A New Department A New Agenda
DEFRA'S AIM AND OBJECTIVES CONSULTATION DOCUMENT
1. ESA is the sectoral trade association
representing the UK's managers of waste and secondary resources,
a regulated industry accounting for 0.5 per cent GDP and the turnover
of which must double by 2010 if the UK is to achieve what the
Government says it wants to deliver.
2. ESA's Members want to build an industry
less reliant on linear disposal and with greater emphasis on closed-loop
management restoring to the productive economy more of the material
and energy contained in waste.
3. Speaking to the CBI/Green Alliance last
year, the Prime Minister said he wished "to push green issues
back up the political agenda . . . and do it in constructive partnership
[with] government and business." He also outlined the "need
to use environmental resources more efficiently and to become
a low-carbon, recycling economy." ESA immediately supported
4. In contrast, nothing in DEFRA's draft
aim refers to the industry ESA represents.
5. None of DEFRA's proposed seven draft
High-Level Objectives refers to waste or secondary resource management.
(While one of the seven Objectives does refer to promoting sustainable
management of natural resources, this appears to envisage primary
rather than secondary resources). ESA's remit, 0.5 per cent of
GDP, is covered by 29 words in one note to one Objective.
6. DEFRA's proposed definition of sustainable
development makes no reference to resource efficiency or developing
the use of secondary resources.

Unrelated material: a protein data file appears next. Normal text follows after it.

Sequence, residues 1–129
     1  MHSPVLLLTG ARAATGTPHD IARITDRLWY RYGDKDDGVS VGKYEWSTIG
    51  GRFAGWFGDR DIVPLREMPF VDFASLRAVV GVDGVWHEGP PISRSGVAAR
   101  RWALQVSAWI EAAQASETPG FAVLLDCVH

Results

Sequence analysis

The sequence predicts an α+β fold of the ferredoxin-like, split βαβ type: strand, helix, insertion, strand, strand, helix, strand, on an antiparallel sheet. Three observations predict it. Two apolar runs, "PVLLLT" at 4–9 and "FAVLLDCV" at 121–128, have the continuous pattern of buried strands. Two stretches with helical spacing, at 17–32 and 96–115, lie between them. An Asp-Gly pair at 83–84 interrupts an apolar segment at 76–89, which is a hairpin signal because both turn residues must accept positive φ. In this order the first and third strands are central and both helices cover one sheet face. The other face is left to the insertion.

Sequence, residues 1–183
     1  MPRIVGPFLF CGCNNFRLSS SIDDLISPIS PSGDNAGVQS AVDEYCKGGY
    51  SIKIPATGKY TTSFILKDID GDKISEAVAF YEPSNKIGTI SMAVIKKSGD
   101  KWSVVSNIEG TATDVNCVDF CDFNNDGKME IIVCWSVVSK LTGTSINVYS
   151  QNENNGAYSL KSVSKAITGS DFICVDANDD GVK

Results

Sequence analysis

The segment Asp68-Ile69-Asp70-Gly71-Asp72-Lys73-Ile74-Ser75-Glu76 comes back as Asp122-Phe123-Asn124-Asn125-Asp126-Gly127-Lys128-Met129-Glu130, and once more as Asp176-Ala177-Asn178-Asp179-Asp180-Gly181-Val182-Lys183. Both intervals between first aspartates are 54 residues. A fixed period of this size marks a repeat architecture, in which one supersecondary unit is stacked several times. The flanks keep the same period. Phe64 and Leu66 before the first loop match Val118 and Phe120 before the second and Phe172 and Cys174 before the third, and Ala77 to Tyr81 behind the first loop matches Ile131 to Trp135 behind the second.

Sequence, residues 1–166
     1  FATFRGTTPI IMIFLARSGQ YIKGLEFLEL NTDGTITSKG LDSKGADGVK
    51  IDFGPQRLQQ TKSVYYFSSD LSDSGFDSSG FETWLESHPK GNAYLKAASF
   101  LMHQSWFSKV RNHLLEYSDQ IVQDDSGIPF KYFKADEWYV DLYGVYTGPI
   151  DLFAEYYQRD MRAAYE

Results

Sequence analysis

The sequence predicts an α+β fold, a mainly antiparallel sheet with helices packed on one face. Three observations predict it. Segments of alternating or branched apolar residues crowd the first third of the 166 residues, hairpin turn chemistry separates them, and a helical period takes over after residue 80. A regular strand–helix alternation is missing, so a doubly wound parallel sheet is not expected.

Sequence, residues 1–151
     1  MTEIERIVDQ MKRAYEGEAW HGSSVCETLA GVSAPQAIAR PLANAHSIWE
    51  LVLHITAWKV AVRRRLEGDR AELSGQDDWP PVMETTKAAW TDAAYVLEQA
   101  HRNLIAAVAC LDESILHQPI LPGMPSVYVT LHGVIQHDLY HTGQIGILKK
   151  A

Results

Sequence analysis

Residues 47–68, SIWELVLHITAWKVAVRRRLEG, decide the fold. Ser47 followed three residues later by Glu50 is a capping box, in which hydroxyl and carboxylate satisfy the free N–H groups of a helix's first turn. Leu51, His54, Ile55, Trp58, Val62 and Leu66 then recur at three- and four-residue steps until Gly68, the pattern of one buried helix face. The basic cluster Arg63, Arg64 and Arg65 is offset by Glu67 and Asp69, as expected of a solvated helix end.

7. There is no reference to implementing
the Landfill Directive.
8. There is no reference to the Government's
own National Waste Strategy.
9. These omissions from DEFRA's proposed
aim and Objectives document evidence low political priority for
developing waste management into resource management.
10. The Consultation Document makes it clear
that DEFRA's money will follow DEFRA's Aim and Objectives. Omission
of our industry from DEFRA's document suggests that the National
Waste strategies will remain essentially unfunded. Resources allocated
from the New Opportunities Fund and the small share of the EPCS
monies to be spent on management of waste, allocated in the 1999
spending review, cannot achieve the required improvement in recycling.
11. ESA's Members will need to invest billions
of pounds in infrastructure if the National Waste strategies are
to be achieved and the UK's existing international obligations
honoured. If ESA's Members' hopes to deliver greater environmental
sustainability and the Government's aspirations in the National
Waste Strategies are to be fulfilled, the Secretary of State needs
as a matter of urgency to signal that waste and secondary resource
management is a genuinely high priority for her new Department.
Amending DEFRA's defective draft Aim and Objectives would be a